Thursday, October 6, 2011

The Rut

I love Fall. The colors, the smell and the coolness in the air. Moose are incredible animals. I have had many encounters with this largest member of the deer family. The males are very active seeking mates and foes. Males are dominant but females unrelenting. My most memorable experience was on the Kangamagus Highway in New Hampshire. It was dusk and we were traveling to a Bible Study when a female came onto the road. She stood directly in front of the car, not moving. Moose are often viewed as dumb, stubborn or unaware but this is not true. My headlights illuminate her 7 foot shoulders and long legs. She looked directly at me standing her ground, this is often normal but they will lumber off into the deep woods. I knew something was wrong or very disturbing because she took a second to look left and then right in bewilderment. I belie5ve if i had not stopped, i would no longer have a car. Then out of the side of the road TWINS - on opposite sides. She was presenting her life to give to protect not one but BOTH!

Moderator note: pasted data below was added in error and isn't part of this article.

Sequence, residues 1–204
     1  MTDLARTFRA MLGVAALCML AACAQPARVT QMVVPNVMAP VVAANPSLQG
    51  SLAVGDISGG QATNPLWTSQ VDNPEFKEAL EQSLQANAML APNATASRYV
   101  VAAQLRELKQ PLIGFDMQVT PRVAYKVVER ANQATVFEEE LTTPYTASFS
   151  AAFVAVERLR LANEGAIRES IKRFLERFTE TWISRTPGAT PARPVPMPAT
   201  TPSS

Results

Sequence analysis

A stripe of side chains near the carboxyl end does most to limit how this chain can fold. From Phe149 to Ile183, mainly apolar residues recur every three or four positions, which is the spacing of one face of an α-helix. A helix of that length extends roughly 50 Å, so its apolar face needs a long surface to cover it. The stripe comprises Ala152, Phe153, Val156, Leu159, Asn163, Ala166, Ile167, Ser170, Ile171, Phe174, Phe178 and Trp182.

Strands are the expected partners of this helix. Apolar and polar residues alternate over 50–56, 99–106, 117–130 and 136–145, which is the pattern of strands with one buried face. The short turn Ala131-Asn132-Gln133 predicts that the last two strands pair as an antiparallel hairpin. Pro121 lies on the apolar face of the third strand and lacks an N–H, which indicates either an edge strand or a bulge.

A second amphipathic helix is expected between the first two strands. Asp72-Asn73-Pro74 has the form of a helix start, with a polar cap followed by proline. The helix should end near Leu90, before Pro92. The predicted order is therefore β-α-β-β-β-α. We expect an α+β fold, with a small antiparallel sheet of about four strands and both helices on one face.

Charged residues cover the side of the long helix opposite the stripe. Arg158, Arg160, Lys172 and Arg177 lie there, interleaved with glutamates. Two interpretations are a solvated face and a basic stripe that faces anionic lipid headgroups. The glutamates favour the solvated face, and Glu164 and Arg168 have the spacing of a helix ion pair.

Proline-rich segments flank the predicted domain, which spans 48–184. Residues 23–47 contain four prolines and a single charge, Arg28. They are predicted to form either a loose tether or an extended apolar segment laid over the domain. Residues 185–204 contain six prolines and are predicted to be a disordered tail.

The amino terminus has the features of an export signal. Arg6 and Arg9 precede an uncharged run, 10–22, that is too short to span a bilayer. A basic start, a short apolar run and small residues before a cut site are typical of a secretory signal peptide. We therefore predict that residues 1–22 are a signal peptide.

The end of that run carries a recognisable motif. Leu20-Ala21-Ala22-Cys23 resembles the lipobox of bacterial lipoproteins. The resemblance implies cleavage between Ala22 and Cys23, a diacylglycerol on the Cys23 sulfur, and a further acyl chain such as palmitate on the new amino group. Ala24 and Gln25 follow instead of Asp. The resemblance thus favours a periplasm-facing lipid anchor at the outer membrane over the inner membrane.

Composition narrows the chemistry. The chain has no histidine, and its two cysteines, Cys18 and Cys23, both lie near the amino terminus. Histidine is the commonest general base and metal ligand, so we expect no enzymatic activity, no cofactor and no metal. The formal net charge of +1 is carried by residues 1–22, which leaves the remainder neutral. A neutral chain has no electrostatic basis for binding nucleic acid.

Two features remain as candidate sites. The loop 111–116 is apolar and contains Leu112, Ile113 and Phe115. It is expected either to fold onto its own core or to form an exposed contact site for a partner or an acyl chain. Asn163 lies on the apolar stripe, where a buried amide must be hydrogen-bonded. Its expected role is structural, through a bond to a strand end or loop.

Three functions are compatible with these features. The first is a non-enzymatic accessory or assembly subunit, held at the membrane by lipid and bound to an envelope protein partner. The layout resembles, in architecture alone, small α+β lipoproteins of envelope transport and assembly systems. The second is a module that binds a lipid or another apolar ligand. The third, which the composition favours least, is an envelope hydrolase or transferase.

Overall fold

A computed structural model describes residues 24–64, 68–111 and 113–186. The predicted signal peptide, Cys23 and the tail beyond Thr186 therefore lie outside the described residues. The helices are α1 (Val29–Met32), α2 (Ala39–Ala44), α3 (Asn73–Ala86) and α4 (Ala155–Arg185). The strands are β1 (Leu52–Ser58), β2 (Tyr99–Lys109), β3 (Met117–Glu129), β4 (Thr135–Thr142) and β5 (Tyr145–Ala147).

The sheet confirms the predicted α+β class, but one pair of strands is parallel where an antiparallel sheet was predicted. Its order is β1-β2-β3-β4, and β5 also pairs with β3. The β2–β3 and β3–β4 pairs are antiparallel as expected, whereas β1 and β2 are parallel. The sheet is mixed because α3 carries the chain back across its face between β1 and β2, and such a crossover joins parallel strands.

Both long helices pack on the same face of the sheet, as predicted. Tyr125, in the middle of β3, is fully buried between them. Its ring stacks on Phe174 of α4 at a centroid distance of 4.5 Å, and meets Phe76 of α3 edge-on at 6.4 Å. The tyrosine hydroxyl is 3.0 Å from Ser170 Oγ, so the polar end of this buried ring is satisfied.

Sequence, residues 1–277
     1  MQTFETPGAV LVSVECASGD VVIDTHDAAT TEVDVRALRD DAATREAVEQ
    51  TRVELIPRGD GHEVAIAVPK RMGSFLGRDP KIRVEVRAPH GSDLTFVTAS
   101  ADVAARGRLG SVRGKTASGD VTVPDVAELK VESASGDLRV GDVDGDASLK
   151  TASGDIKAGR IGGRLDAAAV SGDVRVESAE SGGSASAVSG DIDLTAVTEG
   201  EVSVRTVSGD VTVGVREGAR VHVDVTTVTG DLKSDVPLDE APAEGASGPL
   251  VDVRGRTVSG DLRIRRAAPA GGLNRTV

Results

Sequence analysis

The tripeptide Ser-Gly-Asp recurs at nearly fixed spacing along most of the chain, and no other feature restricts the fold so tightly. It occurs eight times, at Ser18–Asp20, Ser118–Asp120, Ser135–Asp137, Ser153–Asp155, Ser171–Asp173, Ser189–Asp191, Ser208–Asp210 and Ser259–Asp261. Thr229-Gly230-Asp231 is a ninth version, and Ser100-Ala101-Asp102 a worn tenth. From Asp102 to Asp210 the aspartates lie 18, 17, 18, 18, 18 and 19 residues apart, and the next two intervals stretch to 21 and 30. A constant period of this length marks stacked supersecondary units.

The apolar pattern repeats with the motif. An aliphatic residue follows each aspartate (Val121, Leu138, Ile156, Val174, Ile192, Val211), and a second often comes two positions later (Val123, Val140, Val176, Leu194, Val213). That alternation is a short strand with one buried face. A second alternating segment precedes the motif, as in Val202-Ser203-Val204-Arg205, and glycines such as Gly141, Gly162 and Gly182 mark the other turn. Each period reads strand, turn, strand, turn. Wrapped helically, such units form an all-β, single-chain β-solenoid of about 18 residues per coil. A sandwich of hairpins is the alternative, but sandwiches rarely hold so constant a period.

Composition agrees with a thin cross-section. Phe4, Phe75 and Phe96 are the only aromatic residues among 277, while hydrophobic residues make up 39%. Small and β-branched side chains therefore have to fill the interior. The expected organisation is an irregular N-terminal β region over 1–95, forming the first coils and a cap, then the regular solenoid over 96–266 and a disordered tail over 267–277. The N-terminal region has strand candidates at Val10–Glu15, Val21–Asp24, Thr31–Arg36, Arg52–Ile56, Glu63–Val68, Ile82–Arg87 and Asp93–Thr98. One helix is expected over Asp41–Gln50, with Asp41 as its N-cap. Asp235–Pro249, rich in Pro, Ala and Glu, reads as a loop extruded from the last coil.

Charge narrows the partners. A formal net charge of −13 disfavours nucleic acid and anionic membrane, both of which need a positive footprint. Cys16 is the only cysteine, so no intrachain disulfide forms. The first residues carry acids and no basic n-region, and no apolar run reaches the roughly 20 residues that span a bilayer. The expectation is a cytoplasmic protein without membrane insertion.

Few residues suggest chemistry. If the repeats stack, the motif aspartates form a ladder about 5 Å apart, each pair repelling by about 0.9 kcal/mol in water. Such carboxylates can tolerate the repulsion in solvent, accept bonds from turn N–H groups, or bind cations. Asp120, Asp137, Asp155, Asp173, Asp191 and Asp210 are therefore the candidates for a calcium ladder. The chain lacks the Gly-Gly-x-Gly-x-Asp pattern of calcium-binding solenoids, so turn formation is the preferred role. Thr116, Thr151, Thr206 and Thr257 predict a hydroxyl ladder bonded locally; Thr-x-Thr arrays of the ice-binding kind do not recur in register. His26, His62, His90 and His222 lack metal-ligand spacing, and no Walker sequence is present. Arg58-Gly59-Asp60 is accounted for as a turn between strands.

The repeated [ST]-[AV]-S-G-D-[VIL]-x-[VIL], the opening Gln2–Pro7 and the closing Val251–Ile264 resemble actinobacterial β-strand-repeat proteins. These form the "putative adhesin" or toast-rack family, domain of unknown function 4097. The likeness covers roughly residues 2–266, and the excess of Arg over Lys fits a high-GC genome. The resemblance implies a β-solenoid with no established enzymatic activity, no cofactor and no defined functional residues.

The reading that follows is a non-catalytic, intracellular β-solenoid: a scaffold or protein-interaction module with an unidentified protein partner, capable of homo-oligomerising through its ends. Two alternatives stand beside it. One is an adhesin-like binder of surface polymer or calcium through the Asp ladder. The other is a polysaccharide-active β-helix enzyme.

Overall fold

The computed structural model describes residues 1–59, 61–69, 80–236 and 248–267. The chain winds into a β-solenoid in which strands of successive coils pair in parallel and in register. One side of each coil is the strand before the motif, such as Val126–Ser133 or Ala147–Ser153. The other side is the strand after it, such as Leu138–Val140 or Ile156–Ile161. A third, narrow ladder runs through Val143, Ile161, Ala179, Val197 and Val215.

Our Savior did the same for you and me! Selfless, deliberate sacrifice! WOW!

A little learning...

The rut is the mating season of ruminant animals such as deer, sheep, elk, moose, caribou, ibex, goats, pronghorn and Asian and African antelope. During the rut (also known as the rutting period, and in sheep sometimes as tupping), males often rub their antlers or horns on trees or shrubs, fight with each other, wallow in mud or dust, and herd estrus females together. The rut in many species is triggered by a shortening of the length of daylight hours each day. The timing of the rut for different species depends on the length of their gestation period (length of pregnancy), usually occurring so the young are born in the spring, shortly after new green growth has appeared (which provides food for the females, allowing them to provide milk for the young), and when the temperatures are warm enough that the young will not die of hypothermia.

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